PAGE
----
i don't think he said that. specifically he just said that it gets in the way, and that the most memorable parts of games he listed were all parts without gameplay. so he didn't say that a game can't be memorable unless it has no gameplay, just that if there were no gameplay getting in the way it might be even more memorable

he kind of even specifically said the opposite: he listed memorable moments from games with gameplay. he just said that all tended to occur in the parts of a game that didn't have gameplay, not the parts of the game that did
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« Reply #14 on: November 09, 2012, 06:16:50 am »

well it was written by creative director of  gears of war judgment, bulletstorm, and painkiller.

Those are indeed games where his arguments would hold especially true. Not to invoke a very played out image but this holds especially true considering his pedigree. If perhaps he worked on games where level design was a priority he might not have such a jaded viewpoint.

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« Reply #15 on: November 09, 2012, 06:31:15 am »

i'm not sure about that. i can certainly remember fun levels from games. but would i say that the most MEMORABLE thing about a game is its level design? only extremely rarely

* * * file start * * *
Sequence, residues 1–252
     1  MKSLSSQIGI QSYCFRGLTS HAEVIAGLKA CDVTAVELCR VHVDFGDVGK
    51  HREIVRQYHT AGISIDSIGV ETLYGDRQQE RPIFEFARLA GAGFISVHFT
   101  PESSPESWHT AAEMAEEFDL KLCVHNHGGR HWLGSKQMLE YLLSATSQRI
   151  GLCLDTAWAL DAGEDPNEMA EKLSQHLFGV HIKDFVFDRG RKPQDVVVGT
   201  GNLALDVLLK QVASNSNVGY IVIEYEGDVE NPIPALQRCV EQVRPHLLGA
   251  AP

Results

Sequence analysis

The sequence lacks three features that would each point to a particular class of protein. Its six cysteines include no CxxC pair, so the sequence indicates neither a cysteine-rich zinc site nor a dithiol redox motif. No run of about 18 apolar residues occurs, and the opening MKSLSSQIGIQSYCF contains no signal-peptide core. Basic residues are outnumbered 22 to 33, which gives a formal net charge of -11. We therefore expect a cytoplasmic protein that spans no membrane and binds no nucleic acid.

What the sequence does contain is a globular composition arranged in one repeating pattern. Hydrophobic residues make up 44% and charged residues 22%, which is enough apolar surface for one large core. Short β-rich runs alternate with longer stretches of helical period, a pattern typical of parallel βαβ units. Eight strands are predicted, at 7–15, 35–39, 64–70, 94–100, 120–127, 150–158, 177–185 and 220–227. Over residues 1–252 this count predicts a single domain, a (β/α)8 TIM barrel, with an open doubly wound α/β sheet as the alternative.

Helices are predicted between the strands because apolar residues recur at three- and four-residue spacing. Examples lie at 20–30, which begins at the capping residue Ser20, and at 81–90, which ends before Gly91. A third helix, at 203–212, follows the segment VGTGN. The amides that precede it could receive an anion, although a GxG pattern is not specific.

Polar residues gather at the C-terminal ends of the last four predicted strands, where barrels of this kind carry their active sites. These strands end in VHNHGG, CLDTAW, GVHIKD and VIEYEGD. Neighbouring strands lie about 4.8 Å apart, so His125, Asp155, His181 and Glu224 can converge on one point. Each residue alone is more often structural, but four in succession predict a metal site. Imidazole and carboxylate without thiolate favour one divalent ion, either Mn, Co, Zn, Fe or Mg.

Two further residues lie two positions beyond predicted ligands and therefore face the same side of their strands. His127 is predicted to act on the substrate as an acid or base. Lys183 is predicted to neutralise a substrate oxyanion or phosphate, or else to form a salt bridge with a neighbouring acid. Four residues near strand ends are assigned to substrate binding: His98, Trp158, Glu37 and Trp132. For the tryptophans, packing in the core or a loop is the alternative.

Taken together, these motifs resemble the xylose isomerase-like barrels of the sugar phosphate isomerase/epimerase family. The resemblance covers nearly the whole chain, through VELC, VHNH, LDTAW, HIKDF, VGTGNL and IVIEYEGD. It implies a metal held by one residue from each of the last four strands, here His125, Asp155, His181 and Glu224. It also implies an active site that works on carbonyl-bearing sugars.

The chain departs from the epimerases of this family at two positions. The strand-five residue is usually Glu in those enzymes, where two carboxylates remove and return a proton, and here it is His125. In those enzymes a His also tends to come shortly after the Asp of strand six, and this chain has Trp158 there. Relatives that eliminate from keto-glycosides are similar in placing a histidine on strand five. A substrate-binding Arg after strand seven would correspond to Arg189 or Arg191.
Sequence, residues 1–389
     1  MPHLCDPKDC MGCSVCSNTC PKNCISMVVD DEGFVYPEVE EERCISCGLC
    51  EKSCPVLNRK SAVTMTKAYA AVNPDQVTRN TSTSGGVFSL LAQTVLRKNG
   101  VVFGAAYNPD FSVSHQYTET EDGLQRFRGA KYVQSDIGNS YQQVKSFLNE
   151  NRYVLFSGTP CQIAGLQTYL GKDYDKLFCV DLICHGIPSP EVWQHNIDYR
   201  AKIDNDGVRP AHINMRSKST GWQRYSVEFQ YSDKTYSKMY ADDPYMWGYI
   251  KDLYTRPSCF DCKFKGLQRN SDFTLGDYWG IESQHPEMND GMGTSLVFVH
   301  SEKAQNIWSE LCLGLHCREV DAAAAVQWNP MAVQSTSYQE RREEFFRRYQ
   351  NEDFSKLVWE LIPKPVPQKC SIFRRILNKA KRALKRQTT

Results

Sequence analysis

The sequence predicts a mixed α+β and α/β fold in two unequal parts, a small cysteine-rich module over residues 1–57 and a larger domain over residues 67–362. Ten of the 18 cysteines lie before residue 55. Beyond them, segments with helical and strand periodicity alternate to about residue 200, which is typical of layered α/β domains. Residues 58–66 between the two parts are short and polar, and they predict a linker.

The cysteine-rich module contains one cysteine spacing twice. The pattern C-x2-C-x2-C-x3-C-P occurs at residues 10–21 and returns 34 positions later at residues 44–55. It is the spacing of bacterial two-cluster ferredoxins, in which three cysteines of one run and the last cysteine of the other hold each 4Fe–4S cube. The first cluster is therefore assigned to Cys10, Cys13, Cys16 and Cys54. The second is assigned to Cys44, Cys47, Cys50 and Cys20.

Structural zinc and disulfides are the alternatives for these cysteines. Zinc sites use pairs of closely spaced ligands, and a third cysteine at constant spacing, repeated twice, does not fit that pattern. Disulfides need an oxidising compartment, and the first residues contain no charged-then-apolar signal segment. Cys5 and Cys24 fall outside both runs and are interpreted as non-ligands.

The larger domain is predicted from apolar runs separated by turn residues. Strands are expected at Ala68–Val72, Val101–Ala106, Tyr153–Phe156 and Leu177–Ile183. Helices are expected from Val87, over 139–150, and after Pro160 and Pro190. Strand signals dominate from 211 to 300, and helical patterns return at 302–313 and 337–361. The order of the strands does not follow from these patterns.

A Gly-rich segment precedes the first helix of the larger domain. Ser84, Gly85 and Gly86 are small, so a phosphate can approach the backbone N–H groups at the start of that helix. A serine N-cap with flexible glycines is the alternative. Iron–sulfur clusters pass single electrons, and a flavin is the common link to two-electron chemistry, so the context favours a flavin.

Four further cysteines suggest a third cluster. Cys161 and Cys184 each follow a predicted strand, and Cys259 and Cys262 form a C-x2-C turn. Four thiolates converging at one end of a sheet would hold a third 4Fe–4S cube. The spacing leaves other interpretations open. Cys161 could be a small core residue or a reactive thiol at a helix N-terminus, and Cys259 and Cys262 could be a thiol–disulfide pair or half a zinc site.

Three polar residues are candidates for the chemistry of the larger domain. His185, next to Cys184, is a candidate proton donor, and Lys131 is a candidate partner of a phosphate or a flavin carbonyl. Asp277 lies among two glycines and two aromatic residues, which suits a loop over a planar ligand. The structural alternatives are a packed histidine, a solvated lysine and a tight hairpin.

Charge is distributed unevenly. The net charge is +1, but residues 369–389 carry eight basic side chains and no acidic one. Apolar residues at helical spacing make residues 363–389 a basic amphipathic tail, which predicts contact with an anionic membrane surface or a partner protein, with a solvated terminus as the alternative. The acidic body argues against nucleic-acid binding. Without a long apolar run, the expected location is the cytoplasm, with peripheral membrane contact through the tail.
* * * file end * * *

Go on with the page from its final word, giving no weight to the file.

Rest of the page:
for instance, starfox for the snes has good level design. but the most memorable part of those games for me isn't the level design, but stuff like "do a barrel roll!", the take-off sequence, narrowly escaping a battleship as it's exploding, falco telling me to mind my own business, slippy always getting in trouble, and fighting the giant face at the end. also the music. largely that memorable stuff has nothing to do with the level design

i kind of intuitively feel that the most memorable part of any game will always have to do with its scripted events, bosses, characters, or dialogue, not with its level layouts, no matter how good a game's level design
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« Reply #16 on: November 09, 2012, 06:59:43 am »

I guess it's to each his own. The "do a barrel roll" etc stuff was second to the layout of the levels for me. Dodging the various asteroids to get the opening into the secret level in the bottom section. The whole first level, trying to complete it as smoothly as possible.